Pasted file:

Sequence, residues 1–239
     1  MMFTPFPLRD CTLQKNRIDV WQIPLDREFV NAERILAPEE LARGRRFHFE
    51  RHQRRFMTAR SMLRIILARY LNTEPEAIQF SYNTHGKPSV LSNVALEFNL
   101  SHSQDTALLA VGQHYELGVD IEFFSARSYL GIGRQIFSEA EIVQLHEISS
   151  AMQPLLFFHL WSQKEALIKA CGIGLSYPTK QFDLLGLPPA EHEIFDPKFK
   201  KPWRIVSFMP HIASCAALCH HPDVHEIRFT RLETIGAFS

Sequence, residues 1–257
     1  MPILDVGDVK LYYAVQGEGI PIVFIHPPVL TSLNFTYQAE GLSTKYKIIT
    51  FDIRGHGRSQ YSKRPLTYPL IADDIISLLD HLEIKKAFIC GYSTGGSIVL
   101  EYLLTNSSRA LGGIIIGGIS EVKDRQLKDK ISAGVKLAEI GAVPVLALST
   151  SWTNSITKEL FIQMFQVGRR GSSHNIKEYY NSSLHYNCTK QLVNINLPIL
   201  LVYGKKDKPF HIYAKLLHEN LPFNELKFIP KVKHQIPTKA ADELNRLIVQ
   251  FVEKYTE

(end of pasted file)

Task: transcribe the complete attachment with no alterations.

Sequence, residues 1–239
     1  MMFTPFPLRD CTLQKNRIDV WQIPLDREFV NAERILAPEE LARGRRFHFE
    51  RHQRRFMTAR SMLRIILARY LNTEPEAIQF SYNTHGKPSV LSNVALEFNL
   101  SHSQDTALLA VGQHYELGVD IEFFSARSYL GIGRQIFSEA EIVQLHEISS
   151  AMQPLLFFHL WSQKEALIKA CGIGLSYPTK QFDLLGLPPA EHEIFDPKFK
   201  KPWRIVSFMP HIASCAALCH HPDVHEIRFT RLETIGAFS

Sequence, residues 1–257
     1  MPILDVGDVK LYYAVQGEGI PIVFIHPPVL TSLNFTYQAE GLSTKYKIIT
    51  FDIRGHGRSQ YSKRPLTYPL IADDIISLLD HLEIKKAFIC GYSTGGSIVL
   101  EYLLTNSSRA LGGIIIGGIS EVKDRQLKDK ISAGVKLAEI GAVPVLALST
   151  SWTNSITKEL FIQMFQVGRR GSSHNIKEYY NSSLHYNCTK QLVNINLPIL
   201  LVYGKKDKPF HIYAKLLHEN LPFNELKFIP KVKHQIPTKA ADELNRLIVQ
   251  FVEKYTE